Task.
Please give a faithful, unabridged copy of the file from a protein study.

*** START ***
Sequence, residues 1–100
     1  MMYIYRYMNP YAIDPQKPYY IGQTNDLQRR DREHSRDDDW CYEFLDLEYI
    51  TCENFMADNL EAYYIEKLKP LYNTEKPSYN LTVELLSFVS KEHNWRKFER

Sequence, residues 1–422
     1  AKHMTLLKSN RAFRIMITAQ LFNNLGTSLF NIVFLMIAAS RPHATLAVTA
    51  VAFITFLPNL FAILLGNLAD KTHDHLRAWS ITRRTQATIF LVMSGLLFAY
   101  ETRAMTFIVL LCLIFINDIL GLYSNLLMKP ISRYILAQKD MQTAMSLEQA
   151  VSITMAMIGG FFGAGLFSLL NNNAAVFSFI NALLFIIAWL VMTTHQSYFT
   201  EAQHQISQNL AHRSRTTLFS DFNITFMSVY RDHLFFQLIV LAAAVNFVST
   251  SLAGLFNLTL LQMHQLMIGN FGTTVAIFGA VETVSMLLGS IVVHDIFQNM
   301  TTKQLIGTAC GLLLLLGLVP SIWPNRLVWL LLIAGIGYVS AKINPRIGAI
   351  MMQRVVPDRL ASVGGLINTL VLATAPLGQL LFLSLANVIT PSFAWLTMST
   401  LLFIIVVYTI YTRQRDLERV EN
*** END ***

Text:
Sequence, residues 1–100
     1  MMYIYRYMNP YAIDPQKPYY IGQTNDLQRR DREHSRDDDW CYEFLDLEYI
    51  TCENFMADNL EAYYIEKLKP LYNTEKPSYN LTVELLSFVS KEHNWRKFER

Sequence, residues 1–422
     1  AKHMTLLKSN RAFRIMITAQ LFNNLGTSLF NIVFLMIAAS RPHATLAVTA
    51  VAFITFLPNL FAILLGNLAD KTHDHLRAWS ITRRTQATIF LVMSGLLFAY
   101  ETRAMTFIVL LCLIFINDIL GLYSNLLMKP ISRYILAQKD MQTAMSLEQA
   151  VSITMAMIGG FFGAGLFSLL NNNAAVFSFI NALLFIIAWL VMTTHQSYFT
   201  EAQHQISQNL AHRSRTTLFS DFNITFMSVY RDHLFFQLIV LAAAVNFVST
   251  SLAGLFNLTL LQMHQLMIGN FGTTVAIFGA VETVSMLLGS IVVHDIFQNM
   301  TTKQLIGTAC GLLLLLGLVP SIWPNRLVWL LLIAGIGYVS AKINPRIGAI
   351  MMQRVVPDRL ASVGGLINTL VLATAPLGQL LFLSLANVIT PSFAWLTMST
   401  LLFIIVVYTI YTRQRDLERV EN